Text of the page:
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This page contains a single entry from the blog posted on June 8, 2011 8:44 AM. The previous post in this blog was Tri-Met chips away some more at bus service. The next post in this blog is Throw away the tin foil. Many more can be found on the main index page or by looking through the archives.

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Wednesday, June 8, 2011

More foreclosures coming our way

The O had a grim story on Sunday, noting that mortgage foreclosures in Oregon were up 236% in April. Many of the filings are likely to run into problems due to questionable document-keeping by the lenders, but the surge in the number of actions shows that the housing market in the Beaver State is not yet on a road to recovery.

Meanwhile, an alert reader predicts that the latest wave of foreclosures will likely continue. He notes that he's been "seeing several more ads (locally and nationally) for attorneys in Portland from firms concentrated on representing financial institutions in foreclosure and bankruptcy. Some are out-of-state firms that have established field offices in the metro area for this." He points us to one recent example here, and here's another one roughly on point.

In other depression news. the PBJ is writing all week about private sector job loss, in Portland and elsewhere. Between 2008 and 2011, the Portland area's private employment dropped by 66,600 jobs out of 891,800 -- a 7.5% decrease. It's no better anywhere around the Pacific Northwest, either; Boise's down close to 11%, and Seattle's also down by more than 7%. It looks as though we've got it bad, and that ain't good.

Comments (15)

A good place to change things would be the completely pathetic job local and state politicians do in retaining local businesses. I can clearly remember when Willamette Industries was headquartered here in Portland. They accounted for about 500 mostly higher paying corporate headquarter type jobs. When they were up against a hostile buyout deal; Katz and the rest of the Oregon economic bobblheads did NOTHING to help avoid the takeover. Of course, what most of them seem to ignore is that when those 500 jobs left NOTHING was coming in to take their place.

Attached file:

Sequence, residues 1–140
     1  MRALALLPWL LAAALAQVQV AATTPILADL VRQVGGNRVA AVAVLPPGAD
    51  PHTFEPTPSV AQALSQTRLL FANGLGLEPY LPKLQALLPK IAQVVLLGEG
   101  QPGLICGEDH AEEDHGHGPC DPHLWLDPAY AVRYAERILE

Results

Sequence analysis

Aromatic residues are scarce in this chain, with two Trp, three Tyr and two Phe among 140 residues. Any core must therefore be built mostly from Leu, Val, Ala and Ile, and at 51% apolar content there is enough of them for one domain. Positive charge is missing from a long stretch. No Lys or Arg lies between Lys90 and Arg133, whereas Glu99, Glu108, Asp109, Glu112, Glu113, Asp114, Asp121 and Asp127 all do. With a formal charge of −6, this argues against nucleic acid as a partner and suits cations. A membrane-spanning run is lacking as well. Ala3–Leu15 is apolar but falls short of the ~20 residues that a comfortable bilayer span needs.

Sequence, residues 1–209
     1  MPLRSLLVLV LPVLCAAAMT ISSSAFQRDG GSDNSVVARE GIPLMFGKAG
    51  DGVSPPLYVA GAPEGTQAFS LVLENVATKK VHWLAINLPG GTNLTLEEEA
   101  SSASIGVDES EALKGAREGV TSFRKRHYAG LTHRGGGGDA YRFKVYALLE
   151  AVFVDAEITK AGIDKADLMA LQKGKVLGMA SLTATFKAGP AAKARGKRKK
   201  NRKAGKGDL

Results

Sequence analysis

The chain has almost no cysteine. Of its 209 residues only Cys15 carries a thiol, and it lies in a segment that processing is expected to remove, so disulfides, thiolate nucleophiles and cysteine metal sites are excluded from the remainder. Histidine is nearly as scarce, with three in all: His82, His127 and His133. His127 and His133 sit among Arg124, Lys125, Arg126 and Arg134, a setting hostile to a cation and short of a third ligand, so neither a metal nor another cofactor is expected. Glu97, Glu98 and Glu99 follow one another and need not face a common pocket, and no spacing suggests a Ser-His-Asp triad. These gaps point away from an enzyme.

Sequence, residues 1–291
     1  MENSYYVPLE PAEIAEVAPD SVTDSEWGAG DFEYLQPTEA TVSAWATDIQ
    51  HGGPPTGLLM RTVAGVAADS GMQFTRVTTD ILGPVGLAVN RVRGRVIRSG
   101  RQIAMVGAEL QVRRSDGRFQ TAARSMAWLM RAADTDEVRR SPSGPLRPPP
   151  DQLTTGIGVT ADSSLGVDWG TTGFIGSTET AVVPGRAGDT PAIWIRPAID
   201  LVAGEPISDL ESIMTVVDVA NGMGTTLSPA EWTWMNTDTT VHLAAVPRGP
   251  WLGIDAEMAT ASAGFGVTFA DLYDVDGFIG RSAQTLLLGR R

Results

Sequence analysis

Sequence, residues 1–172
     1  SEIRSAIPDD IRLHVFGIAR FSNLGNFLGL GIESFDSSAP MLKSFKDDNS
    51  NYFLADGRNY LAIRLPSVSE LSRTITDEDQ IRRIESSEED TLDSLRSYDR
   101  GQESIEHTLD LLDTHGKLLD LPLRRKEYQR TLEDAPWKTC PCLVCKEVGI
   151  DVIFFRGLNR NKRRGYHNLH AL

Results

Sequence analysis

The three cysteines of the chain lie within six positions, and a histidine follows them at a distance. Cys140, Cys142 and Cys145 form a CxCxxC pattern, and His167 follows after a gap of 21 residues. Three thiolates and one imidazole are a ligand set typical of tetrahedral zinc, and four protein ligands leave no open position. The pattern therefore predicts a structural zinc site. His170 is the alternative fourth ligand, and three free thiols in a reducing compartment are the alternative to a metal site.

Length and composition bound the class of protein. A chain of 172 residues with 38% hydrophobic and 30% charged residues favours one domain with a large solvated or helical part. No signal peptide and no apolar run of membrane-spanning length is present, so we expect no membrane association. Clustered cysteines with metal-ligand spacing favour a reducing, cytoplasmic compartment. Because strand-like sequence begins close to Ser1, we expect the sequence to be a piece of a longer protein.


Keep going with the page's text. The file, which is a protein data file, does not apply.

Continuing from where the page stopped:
I heard a Stimson Lumber company spokesperson say Stimson Lumber has been shifting its assets out of Oregon and into Idaho. The election of Governor "retread" was said to be demoralizing as it is a sign of Same-o-Same-o state fiscal policies.

This second wave of foreclosures was inevitable, due to the particular way in which many mortgages were structured when they were made several years ago.

All of this was explained by someone who appeared well over a year ago on either Charlie Rose or the PBS News Hour. I forget the details, but he predicted that a second major wave of foreclosures would start right around now because of some timing factor built into those ill-fated loans.

This foreclosure mess is not over. And from what I'm seeing now, I don't think a lot of these lenders learned there lesson. We are at a point now where the economic outlook is getting somewhat better and lenders are hedging their bets on a full recovery and trying to be the first one out there lending again. That way they can drive business to them by saying, "hey, we'll take a chance on you." While I speak mostly from the commercial realm, I'm not only worried that lenders have reverted back to their old underwriting standards, I'm worried they are now even looser.